# Measure for Measure

## Activity Source:

### Background

Geoscientists use special boats to conduct research at sea. One of these boats is named the JOIDES Resolution (JR). Unlike most oceangoing vessels, the JR has a flat bottom, a 6.4-meter hole in the middle, 12 laboratories, and a derrick towering 67 meters above the waterline! Why? So scientists can sail nearly anywhere in the world to drill for samples of rocks and sediment from below the seafloor. What for? In hopes of discovering clues about Earth's history and structure, life in the deep biosphere, past climate change, earthquakes and natural resources. How long is the JR? 143 meters. How far below sea level can it drill? 8,382 meters.

It might be helpful to construct a scale model of the ship and its drill string (the pipes that are strung from the derrick to the seafloor and below) in your classroom. In this activity, students will calculate scales of distance and length as used by ocean drilling scientists.

JOIDES Resolution Research Vessel (from http://www.joiscience.org/About/default.html)

### Materials

• 152-cm measuring tapes (5 feet)
• Butcher paper or modeling materials

### Procedure

1. To draw a scale model the length of a measuring tape, write the scale as a ratio of the "life size" JR length to the tape measure:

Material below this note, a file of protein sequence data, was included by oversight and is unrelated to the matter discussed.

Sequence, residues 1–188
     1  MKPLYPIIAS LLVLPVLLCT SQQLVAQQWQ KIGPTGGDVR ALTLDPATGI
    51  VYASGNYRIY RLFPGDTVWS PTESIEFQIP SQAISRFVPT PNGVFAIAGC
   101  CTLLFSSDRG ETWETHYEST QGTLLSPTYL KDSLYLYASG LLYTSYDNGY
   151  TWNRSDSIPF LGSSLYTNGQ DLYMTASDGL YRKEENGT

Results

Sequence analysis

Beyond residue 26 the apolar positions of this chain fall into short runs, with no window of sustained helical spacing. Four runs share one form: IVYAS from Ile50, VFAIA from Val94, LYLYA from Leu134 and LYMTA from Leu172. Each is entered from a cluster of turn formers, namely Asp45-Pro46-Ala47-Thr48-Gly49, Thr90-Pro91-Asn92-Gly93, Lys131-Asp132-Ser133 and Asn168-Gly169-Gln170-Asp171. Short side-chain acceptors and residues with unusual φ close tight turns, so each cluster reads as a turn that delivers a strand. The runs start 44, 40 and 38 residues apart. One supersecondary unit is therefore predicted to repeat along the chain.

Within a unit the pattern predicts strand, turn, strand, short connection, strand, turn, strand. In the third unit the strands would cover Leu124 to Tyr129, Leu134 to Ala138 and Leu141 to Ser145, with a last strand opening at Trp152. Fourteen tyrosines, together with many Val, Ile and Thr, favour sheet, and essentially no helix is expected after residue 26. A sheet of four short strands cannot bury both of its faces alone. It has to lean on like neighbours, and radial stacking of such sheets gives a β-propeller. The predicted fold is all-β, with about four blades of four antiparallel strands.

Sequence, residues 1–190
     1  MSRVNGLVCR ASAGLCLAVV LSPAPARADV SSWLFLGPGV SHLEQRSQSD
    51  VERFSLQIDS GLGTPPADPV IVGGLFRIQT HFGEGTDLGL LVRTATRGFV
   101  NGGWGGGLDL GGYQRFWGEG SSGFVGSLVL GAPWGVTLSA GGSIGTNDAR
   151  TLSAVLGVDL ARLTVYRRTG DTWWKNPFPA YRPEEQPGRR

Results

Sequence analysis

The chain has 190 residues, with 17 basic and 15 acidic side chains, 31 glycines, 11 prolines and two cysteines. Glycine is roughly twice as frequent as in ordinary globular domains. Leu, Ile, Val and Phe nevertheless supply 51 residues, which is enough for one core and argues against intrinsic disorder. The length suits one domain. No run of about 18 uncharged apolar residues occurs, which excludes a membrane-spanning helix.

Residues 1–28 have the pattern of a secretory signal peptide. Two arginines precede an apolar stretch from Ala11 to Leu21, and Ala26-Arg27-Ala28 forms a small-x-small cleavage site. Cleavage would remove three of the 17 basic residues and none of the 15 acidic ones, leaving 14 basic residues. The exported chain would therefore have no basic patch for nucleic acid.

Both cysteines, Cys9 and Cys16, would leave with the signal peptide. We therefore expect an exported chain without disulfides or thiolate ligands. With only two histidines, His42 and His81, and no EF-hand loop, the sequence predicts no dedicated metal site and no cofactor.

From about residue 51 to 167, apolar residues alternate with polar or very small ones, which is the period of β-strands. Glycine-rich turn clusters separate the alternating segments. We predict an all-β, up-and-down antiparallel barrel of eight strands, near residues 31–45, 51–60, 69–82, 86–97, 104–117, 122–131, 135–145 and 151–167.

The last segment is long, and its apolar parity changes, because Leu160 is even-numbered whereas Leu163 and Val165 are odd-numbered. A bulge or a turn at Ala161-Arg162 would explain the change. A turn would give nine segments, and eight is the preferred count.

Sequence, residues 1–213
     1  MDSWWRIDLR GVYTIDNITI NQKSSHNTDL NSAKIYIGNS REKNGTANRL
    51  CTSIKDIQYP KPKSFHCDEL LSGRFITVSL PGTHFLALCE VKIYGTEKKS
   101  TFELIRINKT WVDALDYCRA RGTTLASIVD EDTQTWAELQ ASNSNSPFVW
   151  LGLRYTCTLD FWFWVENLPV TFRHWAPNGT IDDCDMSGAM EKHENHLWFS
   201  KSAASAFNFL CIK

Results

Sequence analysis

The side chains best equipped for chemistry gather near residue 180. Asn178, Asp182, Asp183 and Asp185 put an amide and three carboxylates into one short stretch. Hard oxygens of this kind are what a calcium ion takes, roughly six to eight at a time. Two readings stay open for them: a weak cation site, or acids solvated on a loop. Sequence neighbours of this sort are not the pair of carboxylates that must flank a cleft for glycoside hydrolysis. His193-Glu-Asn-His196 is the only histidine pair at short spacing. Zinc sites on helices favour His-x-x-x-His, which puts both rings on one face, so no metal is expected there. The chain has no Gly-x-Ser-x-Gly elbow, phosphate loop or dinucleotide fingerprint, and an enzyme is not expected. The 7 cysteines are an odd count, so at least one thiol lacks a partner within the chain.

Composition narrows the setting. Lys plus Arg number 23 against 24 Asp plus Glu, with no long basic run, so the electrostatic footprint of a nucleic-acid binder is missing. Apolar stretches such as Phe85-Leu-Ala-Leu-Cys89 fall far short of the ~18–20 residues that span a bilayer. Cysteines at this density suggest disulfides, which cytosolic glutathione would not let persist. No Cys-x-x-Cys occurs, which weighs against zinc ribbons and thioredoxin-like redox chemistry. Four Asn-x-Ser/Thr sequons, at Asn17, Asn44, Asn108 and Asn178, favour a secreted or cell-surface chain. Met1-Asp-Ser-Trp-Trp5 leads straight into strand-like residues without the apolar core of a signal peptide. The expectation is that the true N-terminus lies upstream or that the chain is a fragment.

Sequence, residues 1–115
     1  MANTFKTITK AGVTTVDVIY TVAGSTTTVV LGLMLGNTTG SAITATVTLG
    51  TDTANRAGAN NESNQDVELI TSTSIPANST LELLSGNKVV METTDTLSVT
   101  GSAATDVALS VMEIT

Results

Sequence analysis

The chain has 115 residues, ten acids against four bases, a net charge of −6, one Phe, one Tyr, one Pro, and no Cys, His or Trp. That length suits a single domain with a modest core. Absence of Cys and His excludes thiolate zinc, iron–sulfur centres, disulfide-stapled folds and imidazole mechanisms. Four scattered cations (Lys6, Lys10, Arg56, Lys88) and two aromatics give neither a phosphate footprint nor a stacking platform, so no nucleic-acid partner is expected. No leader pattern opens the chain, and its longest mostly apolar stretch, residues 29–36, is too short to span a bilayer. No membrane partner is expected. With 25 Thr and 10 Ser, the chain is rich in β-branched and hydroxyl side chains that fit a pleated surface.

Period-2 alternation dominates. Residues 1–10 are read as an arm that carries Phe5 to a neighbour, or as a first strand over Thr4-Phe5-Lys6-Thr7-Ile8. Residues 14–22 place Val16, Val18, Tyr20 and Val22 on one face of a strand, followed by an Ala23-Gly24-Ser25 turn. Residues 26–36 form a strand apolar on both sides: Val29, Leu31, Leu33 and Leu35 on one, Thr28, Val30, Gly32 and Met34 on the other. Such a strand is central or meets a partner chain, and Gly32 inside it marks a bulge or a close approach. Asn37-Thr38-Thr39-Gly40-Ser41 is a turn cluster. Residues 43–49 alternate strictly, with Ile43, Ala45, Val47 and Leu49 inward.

143 m: 152 cm.
You also can write it as a fraction, then divide to find the scale: 143 m/152 cm = 0.94 meters per centimeter.
2. Write ratios and fractions, then calculate scales for the following relationships:
The length of the ship to the length of your classroom.
• The height of the ship, 67 meters, to the 152-cm measuring tape.
• The height of the ship to the height of your classroom.
• The shallowest water depth to date, 38 meters, to the measuring tape.
• The shallowest water depth to the height of your classroom.
• The greatest water depth to date, 5,980 meters, to the measuring tape.
• The greatest water depth to the height of your classroom.
• The deepest hole sampled, 2,111 meters, to the measuring tape.
• The deepest hole to the height of your classroom.
• The greatest water depth plus the 560-meter hole in the seafloor below it, to the height of your classroom.